Crème Brûlée is the one dessert I always order. I had it for the very first time at Gatrilles in Johannesburg. That was in 1974 and 96 Winery Road still use that recipe. I rate a restaurant on the quality of their crème brûlée and make a huge batch whenever I need an easy dessert for guests. Over the years I have made so many different flavours of this dessert. It is why I like to do it for guests. I can change it up to be anything I want. And it is sure to impress. This is my no fail, go to recipe.
- 8 egg yolks
- 110 g castor sugar
- 2 vanilla pods, split in half lengthwise
- 750 mls cream
- 250 mls milk
- 55 g demerara sugar
- Preheat the oven to 140° Celsius
- Place the egg yolks and caster sugar in a bowl and add the vanilla seeds and pods.
- Using a whisk, gently combine the mixture, then slowly stir in the cream and milk.
- Pass the mix through a sieve and divide between 8 small ovenproof dishes or ramekins (about 9cm in diameter and 2.5cm deep).
- Place in the oven and cook for about 1½ - 2 hours until set on the top.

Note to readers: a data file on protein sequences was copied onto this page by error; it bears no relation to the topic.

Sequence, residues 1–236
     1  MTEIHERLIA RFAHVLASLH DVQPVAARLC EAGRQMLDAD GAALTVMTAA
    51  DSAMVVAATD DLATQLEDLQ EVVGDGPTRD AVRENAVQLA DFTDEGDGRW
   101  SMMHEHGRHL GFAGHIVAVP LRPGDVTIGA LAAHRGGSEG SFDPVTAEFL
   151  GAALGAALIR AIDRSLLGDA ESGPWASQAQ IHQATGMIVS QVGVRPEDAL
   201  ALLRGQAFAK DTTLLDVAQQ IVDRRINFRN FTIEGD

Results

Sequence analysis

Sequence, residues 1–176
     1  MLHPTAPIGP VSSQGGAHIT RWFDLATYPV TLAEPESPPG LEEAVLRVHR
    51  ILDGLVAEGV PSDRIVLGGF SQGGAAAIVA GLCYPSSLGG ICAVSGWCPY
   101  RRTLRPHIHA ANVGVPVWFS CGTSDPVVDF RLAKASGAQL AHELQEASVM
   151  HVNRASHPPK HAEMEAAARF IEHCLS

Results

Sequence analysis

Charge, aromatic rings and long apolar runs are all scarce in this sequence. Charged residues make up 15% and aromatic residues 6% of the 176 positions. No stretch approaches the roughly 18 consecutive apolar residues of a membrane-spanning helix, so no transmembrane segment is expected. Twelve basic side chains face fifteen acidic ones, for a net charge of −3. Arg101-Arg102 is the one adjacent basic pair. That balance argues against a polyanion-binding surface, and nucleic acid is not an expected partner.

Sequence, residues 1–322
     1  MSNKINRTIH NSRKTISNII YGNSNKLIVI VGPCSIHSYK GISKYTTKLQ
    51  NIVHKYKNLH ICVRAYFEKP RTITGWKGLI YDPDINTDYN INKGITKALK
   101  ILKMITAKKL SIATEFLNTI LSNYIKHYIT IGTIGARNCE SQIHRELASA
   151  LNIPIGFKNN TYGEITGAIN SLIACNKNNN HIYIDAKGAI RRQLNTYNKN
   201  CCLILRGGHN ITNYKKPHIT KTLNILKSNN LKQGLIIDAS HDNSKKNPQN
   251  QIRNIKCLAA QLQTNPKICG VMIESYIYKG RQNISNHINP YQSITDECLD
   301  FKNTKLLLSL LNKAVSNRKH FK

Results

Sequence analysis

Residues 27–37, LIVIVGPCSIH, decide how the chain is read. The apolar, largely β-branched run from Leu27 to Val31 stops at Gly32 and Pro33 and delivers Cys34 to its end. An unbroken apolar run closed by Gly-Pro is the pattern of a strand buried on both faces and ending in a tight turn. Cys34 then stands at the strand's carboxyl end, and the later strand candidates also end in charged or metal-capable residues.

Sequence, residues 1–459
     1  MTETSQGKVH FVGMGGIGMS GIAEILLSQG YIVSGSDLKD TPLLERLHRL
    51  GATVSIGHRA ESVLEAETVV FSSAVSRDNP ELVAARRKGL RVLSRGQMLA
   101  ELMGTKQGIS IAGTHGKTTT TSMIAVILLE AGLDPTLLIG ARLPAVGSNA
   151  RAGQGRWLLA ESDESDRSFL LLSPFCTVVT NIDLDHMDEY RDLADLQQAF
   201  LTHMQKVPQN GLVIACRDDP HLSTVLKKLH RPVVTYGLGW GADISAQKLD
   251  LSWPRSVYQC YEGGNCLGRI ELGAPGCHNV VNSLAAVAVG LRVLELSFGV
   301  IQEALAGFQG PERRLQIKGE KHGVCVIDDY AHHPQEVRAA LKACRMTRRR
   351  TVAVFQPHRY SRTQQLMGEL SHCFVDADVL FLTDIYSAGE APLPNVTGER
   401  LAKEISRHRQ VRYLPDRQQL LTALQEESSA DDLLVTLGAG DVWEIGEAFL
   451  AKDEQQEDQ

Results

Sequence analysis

- To check, move the dish and if the cream mixture still ripples, it's not cooked. (But over-cooking will cause the brûlée to crack on the top once cooked, so be careful).
- Remove from the oven and place in the fridge until set; normally about an hour.
- Dust the surface with the demerara sugar and grill until golden brown. Serve immediately.
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Ingredients for my Crème Brûlée:
- Eggs – I buy free range extra-large eggs which in South Africa weigh between 59 and 66 grams (shell on weight).
- Caster Sugar – if you don’t have any caster sugar in your pantry, take ordinary granulated sugar and blitz it in a blender until fine
- Vanilla – if you don’t have vanilla pods you can use vanilla powder. 2.5mls for every pod in the recipe. I never use vanilla essence in my kitchen, I only use vanilla extract!
- Cream – I always keep a box of UHT whipping cream in my fridge for ‘in case’. Unless a recipe calls for cream in 250 ml measures I will use this over fresh.
- Milk – I use UHT full cream milk in my recipes as this is what we use most often at home.
- Demerara sugar – is raw sugar that is minimally processed. It has a golden-brown colour and large grains that give it a crunchy texture. If you cannot find this, substitute with coconut sugar.
I am submitting this recipe to Blue Kitchen Bakes Classic French Challenge